Letting Go Of Resentments to Appreciate Experiences of the Past & Life in the Present
This evening I was musing on the fact that so many of us hold onto resentments from the past that prevent us from appreciating amazing experiences. For some reason while in shavasana at the end of yoga I was reminded how grateful I am that I was able to let go of the resentments I felt towards my ex-husband so that I can now look back with fondness and celebration of the beautiful experiences we shared during our years together.
My first husband was a good man. Unfortunately, we were ultimately ill suited and made one another miserable. I did not appreciate his interests, hobbies, friends and family and tried to change him. He resented my efforts to create the ideal husband; and he was an engineer by temperament that found him working in sales -a job at which he excelled but required fortification to succeed outside his comfort zone.
When he succumbed to the disease of alcoholism I became a judgmental, fearful, manipulative, crazy shrew. At the time I did not understand that alcoholism was a disease that enveloped friends and family members of the alcoholic. I wanted to blame him for his disease and the ramifications of the disease including embarrassment, job loss, heartbreak, divorce, financial instability, misery, fear, and my mental and physical deterioration. By the time we divorced I was filled with resentment. I sang Alanis Morissette songs from “Jagged Little Pill” at the top of my voice while driving to work. “You Outta Know” was my theme song. I blamed him for all of the ills in my life.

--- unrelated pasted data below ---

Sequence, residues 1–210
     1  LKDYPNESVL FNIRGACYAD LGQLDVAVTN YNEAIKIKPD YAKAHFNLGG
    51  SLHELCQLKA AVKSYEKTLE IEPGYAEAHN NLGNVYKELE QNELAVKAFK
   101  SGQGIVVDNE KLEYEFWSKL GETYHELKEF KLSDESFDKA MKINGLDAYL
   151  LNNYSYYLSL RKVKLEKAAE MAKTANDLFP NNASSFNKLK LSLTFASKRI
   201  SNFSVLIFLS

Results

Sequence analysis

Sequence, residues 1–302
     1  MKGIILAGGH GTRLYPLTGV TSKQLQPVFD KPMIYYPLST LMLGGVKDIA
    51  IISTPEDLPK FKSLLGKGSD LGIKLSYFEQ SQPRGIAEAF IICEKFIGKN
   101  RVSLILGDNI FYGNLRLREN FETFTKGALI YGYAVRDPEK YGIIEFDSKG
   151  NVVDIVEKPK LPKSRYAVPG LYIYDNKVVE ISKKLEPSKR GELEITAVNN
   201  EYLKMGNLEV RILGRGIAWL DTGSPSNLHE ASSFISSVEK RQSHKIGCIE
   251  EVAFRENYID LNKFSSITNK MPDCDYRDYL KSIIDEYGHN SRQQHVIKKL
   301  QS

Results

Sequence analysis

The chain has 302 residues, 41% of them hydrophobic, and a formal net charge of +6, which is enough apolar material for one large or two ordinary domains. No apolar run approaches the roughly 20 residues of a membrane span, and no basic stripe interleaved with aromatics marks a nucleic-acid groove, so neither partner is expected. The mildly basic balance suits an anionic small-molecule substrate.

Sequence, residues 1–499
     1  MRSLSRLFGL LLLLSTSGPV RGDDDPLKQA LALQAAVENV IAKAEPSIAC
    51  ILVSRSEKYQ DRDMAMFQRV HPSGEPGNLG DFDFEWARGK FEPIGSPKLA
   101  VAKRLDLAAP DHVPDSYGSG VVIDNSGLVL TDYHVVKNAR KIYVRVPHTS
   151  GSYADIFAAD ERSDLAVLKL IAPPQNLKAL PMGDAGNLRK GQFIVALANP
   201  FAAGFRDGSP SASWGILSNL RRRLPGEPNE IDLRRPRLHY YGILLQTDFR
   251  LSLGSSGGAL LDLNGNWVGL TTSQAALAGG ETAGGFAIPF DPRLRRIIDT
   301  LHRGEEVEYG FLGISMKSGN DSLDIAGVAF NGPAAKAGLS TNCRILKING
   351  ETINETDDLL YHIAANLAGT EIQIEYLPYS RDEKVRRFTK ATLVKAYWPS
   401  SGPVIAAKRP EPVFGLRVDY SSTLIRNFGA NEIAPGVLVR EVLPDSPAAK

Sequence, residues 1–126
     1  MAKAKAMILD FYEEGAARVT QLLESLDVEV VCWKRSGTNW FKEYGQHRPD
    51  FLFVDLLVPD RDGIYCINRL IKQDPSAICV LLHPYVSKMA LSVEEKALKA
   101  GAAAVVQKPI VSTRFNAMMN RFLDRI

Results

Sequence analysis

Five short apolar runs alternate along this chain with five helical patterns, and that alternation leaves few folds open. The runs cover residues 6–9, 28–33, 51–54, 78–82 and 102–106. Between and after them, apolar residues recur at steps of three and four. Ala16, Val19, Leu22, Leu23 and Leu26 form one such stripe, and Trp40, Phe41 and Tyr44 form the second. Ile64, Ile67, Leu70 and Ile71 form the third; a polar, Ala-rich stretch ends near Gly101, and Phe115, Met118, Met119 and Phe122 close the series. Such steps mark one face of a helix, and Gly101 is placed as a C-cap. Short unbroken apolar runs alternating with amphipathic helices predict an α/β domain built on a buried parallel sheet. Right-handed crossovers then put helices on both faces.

Ultimately, through developing my spirituality through Al Anon and Doreen Virtue’s “Healing With The Angels”, I was able to discern that my happiness was in my own hands and that holding onto resentments was detrimental to me emotional, physical and psychological well being. Slowly, I worked through my angst, rebuilt my self-confidence, healed my psyche, forgave myself for my part in the debacle and let go of my resentment towards my former spouse.
By letting go of my resentments, I was able to embrace the good things from our relationship. We had a lot of laughter. We did vacations well. By virtue of our marriage I was able to experience living in Asia, learning to appreciate the beauty of the world, enjoying friendships with people I would have never otherwise met. I made lifelong friendships that have carried me through tough times. I’ve been able to look back and appreciate that my spouse was ill and did not intentionally cause me heartache.
And in accepting the blessings of my past, I am able to feel that much more gratitude and appreciation for my present. And I’ve been able to learn from my mistakes. I would no more attempt to change my current (and last) wonderful husband now than I would try to move Mt. Rushmore. And I don’t let resentments of the past color my world of today. It takes way too much work and energy to hold onto resentments and I relish relinquishing them in a quirky little ritual. But don’t knock it if it works!
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